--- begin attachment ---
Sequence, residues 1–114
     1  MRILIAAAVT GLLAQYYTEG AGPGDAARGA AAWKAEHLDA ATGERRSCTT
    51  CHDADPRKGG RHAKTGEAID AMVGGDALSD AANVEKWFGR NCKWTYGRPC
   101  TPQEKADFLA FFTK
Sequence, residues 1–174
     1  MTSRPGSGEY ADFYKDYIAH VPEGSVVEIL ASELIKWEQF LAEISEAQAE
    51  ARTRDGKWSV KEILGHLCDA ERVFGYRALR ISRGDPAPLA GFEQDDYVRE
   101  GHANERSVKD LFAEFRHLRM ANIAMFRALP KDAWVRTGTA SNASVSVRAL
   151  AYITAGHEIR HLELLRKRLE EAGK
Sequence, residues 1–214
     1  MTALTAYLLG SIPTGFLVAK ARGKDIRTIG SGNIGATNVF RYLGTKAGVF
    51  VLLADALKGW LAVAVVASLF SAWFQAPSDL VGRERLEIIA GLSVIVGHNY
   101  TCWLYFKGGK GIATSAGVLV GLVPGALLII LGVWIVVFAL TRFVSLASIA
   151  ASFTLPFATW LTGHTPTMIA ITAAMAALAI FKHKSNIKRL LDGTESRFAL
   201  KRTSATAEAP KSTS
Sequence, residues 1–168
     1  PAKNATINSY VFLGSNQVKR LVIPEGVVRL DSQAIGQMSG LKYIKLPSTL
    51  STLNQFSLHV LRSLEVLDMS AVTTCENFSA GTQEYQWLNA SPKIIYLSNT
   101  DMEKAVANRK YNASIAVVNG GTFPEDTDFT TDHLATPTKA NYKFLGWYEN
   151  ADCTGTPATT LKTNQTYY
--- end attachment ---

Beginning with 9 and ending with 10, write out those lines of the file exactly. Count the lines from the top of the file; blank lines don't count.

   151  AYITAGHEIR HLELLRKRLE EAGK
Sequence, residues 1–214